To be honest, I'd guess that you might be dealing with nothing more complicated than under-exposure here. It's a common thing in slow motion footage from people who haven't tried it, because it's easy to underestimate the difference in shutter speeds. You're looking at 1/800th of a second (1/1600th if you're using a 180 degree shutter), which is a huge difference from the standard 1/48 of a second. 

Plus, the areas in direct sunlight aren't showing the fixed pattern noise, which reinforces my theory that you're seeing underexposure. 

Rakesh Malik
DoP/Colourist, Vancouver, BC


-----------------------------


On Fri, Apr 2, 2021 at 8:32 AM Art Adams <aadams@...> wrote:

Hi Cynthia-

 

If there’s enough IR pollution then yes, the blacks would be contaminated along with everything else. At lower levels only fabrics and certain materials will noticeably change color.

 

In this case, as Andrew Hunter points out, it’s probably fixed pattern noise, so an IRND wouldn’t help.

 

Generally, though, a filter is going to affect all the light reaching the sensor, so anything that it does to the shadows will also be done to the highlights.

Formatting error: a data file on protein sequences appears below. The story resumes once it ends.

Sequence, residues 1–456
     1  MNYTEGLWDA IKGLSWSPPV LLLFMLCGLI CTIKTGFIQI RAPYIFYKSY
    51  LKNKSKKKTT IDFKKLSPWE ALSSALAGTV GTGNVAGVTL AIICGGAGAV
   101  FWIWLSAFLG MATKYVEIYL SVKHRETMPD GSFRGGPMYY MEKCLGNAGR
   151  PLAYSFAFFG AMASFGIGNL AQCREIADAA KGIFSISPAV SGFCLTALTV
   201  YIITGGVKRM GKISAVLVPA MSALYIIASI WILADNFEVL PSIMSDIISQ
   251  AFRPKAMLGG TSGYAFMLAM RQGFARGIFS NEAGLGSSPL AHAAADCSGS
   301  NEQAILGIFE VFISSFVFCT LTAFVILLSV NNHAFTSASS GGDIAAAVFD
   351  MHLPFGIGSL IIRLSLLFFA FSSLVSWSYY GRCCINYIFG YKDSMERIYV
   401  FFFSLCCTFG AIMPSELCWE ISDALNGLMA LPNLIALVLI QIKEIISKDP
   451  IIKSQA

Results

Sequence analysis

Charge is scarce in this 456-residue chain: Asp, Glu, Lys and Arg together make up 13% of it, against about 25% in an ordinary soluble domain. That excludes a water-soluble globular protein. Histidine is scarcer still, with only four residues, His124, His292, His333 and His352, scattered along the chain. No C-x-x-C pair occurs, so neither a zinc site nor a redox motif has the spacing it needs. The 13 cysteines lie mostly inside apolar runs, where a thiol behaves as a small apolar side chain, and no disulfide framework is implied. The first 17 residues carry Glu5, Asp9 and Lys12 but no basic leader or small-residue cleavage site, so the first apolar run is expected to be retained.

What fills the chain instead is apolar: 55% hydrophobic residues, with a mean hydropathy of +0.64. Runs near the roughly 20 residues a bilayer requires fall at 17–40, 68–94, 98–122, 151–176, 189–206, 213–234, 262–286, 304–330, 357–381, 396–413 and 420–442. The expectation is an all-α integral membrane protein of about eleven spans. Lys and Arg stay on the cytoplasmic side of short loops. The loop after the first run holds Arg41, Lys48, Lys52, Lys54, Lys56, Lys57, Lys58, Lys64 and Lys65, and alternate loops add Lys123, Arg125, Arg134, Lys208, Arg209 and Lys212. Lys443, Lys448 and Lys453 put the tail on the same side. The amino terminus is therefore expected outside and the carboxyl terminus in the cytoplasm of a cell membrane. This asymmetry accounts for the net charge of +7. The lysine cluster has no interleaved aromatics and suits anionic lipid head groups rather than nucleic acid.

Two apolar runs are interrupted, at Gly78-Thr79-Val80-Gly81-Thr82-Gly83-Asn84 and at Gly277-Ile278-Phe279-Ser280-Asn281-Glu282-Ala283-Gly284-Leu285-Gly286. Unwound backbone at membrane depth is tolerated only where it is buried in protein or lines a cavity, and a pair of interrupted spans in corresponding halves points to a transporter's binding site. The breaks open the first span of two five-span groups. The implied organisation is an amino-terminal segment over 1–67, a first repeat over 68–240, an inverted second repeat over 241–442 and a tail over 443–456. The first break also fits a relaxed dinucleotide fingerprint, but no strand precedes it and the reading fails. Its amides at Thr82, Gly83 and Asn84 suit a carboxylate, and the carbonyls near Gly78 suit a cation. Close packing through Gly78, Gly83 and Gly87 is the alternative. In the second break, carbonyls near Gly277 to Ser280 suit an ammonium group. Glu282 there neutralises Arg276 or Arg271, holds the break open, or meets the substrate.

-Art

 

_______________________________________________________
Art 
Adams
Cinema Lens Specialist
ARRI Inc.
3700 Vanowen Street
BurbankCA 91505
www.arri.com 

818-841-7070
x4212
 
aadams@...

Get all the latest information from www.arri.comFacebookTwitterInstagram and YouTube.






This message is confidential. It may also be privileged or otherwise protected by work product immunity or other legal rules. If you have received it by mistake, please let us know by e-mail reply and delete it from your system; you may not copy this message or disclose its contents to anyone. Please send us by fax any message containing deadlines as incoming e-mails are not screened for response deadlines. The integrity and security of this message cannot be guaranteed on the Internet.


From: cml-raw-log-hdr@... <cml-raw-log-hdr@...> on behalf of Cynthia Brett Webster via cml.news <cyndustries.mail=gmail.com@...>
Date: Thursday, April 1, 2021 at 11:54 PM
To: cml-raw-log-hdr@... <cml-raw-log-hdr@...>
Subject: Re: [cml-raw-log-hdr] Wave-Freefly Hi Speed Camera

Would shooting through IRND Filters help to even out the blacks reaching the sensor?

 

Cynthia Webster DP

Los Angeles

818-524-9773

 

This message is confidential. It may also be privileged or otherwise protected by work product immunity or other legal rules. If you have received it by mistake, please let us know by e-mail reply and delete it from your system; you may not copy this message or disclose its contents to anyone. Please send us by fax any message containing deadlines as incoming e-mails are not screened for response deadlines. The integrity and security of this message cannot be guaranteed on the Internet.